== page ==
Weevily Rice, American Soldiers, PhilDev Events and other Motley Thoughts

I have been reading a book by Hampton Sides called Ghost Soldiers, published by Doubleday in 2001.  Someone in Cebu mentioned this book to me a few years after publication when I observed that very little was written about the on-ground experience during World War II.  I only recently ordered it and stand corrected on that general comment.  However, Ghost Soldiers is about the rescue of American POWs who survived the Bataan death march.  In the first pages is a list of about 500 names, presumably of those imprisoned.  None of the names were Filipino.  There were names like Guice and Esperidion, Katz and LaVictone, but nothing that seemed like it hailed from the Malayo-Polynesian alphabet.  So I will revise my inquiry and put the question to the readership:  is there anything published that recounts the experiences of FILIPINO soldiers in WWII?  How about the experience of Filipino civilians (I’ve found only one)?  If you have an answer, please email me at [email protected].
In case you are wondering about the genesis of my email address, it is because an American politico told me that Filipinos who run for office in the United States are “zeros, no…less than zero.”  I’m not running for anything, but I thought I’d latch onto the comment and stoke the identity politics that it incites.
In the book Ghost Soldiers, POWs were fed weevily rice, rice that was infested with snout-nosed bugs that place their larvae inside the grain to gestate, grow, and eat their way out at maturity.  This is why we are trained from an early age to wash the rice.  Please click on this video to see https://youtu.be/5NOyn_NsoqY.  I never knew this is why we were supposed to wash rice. It seems that the Japanese captors in Bataan went through the trouble of cooking the rice but not washing the rice.
What I am avoiding with all this talk of rice weevils were the atrocities mentioned at almost every page of the book—the deaths under fire, the deaths by execution, the deaths by torture, ignited gasoline tortures.  And there were the ancillary sufferings, scurvy and beriberi, lost eyes, lost teeth, “rank metallic tastes (scouring) the backs of tongues,” and the effect of neurotoxins from rancid fish heads.  I am not bold enough to detail the real atrocities in this piece, but let me say that it is a book that is rich in awful experiences.  I am only left to wonder…with Filipinos suffering side by side, did they suffer more?  How can a writer manage to capture only the experiences of American soldiers?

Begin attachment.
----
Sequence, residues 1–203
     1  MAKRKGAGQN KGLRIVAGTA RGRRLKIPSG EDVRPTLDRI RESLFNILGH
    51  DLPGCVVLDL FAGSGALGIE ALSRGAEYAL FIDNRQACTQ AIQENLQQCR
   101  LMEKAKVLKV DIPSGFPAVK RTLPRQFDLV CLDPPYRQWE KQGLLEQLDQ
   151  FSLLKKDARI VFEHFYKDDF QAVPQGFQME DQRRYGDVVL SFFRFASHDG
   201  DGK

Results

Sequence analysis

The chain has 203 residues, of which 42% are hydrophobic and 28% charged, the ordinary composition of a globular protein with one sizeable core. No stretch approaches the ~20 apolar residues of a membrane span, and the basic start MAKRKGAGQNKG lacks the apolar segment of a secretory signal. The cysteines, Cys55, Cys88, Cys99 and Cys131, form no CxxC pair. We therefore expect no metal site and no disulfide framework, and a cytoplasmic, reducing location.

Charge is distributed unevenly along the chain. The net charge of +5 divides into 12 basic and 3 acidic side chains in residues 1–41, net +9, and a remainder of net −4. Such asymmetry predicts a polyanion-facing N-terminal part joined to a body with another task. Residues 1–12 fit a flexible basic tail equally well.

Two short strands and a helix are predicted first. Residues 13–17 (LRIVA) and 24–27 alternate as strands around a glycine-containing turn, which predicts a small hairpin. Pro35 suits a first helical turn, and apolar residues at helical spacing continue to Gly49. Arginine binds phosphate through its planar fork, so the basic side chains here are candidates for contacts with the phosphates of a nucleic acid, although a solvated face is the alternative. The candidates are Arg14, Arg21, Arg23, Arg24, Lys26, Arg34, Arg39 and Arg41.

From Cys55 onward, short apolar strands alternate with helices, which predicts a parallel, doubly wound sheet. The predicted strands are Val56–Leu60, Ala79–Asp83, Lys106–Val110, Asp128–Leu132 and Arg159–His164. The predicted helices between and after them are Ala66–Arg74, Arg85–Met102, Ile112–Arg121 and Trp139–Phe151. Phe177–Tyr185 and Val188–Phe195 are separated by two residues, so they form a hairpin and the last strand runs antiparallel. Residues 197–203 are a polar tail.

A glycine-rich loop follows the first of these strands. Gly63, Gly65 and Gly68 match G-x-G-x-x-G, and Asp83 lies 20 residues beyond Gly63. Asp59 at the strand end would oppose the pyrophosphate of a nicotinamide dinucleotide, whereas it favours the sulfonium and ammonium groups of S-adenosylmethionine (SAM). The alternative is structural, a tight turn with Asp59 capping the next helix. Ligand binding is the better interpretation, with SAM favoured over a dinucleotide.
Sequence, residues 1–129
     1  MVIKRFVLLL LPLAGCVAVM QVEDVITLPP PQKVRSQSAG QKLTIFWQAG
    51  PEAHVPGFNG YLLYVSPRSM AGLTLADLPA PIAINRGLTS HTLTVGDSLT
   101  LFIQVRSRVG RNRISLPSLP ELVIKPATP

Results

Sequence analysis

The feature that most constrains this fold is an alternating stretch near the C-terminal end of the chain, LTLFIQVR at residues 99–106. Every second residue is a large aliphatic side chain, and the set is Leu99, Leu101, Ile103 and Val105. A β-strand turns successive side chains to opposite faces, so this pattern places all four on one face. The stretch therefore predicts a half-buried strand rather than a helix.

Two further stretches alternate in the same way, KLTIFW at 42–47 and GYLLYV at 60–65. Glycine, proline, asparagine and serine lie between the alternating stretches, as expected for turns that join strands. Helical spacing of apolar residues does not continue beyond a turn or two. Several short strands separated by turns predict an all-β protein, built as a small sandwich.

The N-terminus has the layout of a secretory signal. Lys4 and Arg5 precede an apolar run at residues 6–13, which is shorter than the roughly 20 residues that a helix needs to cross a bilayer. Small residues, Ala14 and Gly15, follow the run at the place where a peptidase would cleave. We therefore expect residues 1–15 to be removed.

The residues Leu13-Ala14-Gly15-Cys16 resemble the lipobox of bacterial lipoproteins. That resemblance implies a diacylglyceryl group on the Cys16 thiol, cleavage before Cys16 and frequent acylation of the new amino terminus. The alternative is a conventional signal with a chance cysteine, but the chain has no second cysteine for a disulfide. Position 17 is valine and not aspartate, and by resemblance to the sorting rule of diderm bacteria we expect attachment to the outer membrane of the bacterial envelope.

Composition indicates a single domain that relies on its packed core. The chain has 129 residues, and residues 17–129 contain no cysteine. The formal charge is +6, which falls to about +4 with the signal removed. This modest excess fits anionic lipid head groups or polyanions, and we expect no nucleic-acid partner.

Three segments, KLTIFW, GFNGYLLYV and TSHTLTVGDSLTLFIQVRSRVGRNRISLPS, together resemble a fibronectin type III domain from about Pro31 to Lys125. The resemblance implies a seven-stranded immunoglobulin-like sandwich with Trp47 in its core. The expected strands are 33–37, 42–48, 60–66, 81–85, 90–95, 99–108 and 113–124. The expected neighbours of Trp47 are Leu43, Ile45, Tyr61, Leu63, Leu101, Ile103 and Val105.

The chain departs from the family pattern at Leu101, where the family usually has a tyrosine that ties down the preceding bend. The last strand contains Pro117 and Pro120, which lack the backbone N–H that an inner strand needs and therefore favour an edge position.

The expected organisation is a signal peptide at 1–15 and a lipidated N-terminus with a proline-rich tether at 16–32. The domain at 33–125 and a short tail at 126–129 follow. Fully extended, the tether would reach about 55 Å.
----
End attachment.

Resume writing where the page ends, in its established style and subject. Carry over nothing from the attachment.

On a separate note, the Philippine Development Foundation (PhilDev) has two events upcoming.  On August 5th, the 3rd Annual Golf Tournament will take place from 11am to 8pm at the Chardonnay Golf Club in Napa.  The day will end with a cocktail reception and a silent auction.  Click on this link to purchase tickets for $125: https://www.flipcause.com/ secure/cause_pdetails/MTk2NzQ=
On September 9, 2017, PhilDev will host a dinner at Peppertree Canyon, a vineyard and urban farm in Orange County in Southern California.  Tickets are $300 for individuals, $500 per couple, or $2500 for a table of ten.  Sponsorships are also available.  The chef making this dinner experience possible is Christian Navarro, chef and founder of Hella Fraiche.  Tickets can be procured through this link:  https://www.flipcause.com/ secure/event_step2/MTk2NzY=/ 12285
And in yet another topical pivot, I wanted to thank Christina Laskowski of the Science and Technology Advisory Council for her prolific supply of content for this column.  She does more than her share for the Filipino community and the network that supports budding Filipino technologists.  If you ever meet her, please give her a hug and thank her for all she does.